This is my second read through the series, having read The Drawing of the Three and The Gunslinger a few more times. The first time I read this book was about 8 or so years ago while being a nanny for my newly adopted nephew. He cried a lot and I would sometimes sing to him, or I would sit with him and rock him while playing the audiobook of this aloud for us both to hear. He was an infant, so it was ok.
It remains a solid entry in the series, and goofy as hell at times, especially since the train figures so much in the imagery of the book –the cover, Charlie the Choo Choo– but actually ends up being a pretty small part of it.
It’s also the first time that the fake mythopoesis of the books turn into some real mythopoesis. What this means for this book is that the multiple worlds of this series also fold in our own world more so. The best example of this being the large bear Shardik, who is named from the Richard Adams book. I don’t know that book, but in this novel, Jake recognizes the name, so it’s not just an allusion.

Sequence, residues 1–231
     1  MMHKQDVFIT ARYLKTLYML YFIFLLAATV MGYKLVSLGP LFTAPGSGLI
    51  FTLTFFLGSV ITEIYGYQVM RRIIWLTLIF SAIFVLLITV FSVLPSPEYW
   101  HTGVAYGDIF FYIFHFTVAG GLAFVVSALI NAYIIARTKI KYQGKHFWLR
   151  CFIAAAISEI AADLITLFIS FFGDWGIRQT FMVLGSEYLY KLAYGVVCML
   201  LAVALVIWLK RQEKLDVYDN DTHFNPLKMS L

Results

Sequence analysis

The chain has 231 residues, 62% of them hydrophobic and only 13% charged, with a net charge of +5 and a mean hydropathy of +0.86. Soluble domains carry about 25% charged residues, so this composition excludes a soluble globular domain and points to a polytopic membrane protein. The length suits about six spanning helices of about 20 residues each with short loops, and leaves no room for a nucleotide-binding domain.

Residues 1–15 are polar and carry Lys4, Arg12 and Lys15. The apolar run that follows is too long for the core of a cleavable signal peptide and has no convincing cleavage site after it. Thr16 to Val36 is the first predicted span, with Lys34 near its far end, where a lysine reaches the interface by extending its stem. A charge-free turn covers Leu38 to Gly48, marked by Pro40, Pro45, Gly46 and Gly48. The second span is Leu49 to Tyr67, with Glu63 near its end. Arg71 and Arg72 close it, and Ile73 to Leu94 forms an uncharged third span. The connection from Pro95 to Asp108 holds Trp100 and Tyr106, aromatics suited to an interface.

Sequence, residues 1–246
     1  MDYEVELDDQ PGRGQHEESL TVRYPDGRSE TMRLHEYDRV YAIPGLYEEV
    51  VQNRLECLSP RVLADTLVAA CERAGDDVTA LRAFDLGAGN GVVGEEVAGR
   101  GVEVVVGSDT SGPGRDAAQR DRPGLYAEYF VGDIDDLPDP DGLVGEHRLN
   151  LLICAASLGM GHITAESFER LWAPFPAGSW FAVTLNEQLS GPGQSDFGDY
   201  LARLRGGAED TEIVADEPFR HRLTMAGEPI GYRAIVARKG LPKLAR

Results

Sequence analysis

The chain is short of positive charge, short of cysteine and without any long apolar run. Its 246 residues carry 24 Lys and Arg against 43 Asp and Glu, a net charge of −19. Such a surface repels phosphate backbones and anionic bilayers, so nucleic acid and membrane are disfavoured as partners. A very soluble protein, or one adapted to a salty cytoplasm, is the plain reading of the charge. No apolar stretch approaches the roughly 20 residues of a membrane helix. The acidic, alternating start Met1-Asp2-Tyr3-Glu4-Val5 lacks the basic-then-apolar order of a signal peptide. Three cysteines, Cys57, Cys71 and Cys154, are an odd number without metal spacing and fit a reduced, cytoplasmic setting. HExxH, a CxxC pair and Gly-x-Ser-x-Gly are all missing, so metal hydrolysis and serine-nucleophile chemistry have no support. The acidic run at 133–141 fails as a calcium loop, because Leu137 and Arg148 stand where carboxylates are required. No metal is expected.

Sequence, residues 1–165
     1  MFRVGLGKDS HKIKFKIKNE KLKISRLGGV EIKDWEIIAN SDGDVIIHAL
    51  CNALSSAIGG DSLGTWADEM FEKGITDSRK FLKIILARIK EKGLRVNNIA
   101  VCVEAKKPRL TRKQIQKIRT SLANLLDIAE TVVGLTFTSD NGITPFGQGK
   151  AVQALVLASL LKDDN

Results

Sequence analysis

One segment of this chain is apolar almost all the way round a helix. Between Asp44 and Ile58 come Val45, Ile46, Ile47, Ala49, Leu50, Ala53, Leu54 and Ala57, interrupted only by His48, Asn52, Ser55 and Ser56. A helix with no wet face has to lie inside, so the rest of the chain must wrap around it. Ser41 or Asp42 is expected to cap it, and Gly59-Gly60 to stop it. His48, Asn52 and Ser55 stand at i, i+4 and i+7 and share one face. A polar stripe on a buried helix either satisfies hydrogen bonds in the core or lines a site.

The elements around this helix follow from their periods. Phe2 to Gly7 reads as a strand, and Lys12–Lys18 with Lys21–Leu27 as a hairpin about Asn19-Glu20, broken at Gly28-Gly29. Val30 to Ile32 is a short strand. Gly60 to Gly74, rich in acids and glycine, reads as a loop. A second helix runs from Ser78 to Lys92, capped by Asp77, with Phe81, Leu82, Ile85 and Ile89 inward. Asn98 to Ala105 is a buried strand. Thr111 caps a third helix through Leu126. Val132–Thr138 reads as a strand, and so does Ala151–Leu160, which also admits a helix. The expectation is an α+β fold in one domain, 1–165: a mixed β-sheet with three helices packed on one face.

This aspect of these books is a mixed bag to say the least, sometimes being really strong and sometimes not. Stephen King already has a bad habit of listing out books and music he likes in lieu of a character having, well, a character, and so the idea of a book that has been out for like 15 years (by the time of this book) having enough mythic pull to exist as a giant guardian in another world seems a little silly.
The book itself is solid and the world they’re inhabiting feels so dripping with fantasy trappings (in a good way) that’s the narrative is grotesque and wonderful throughout.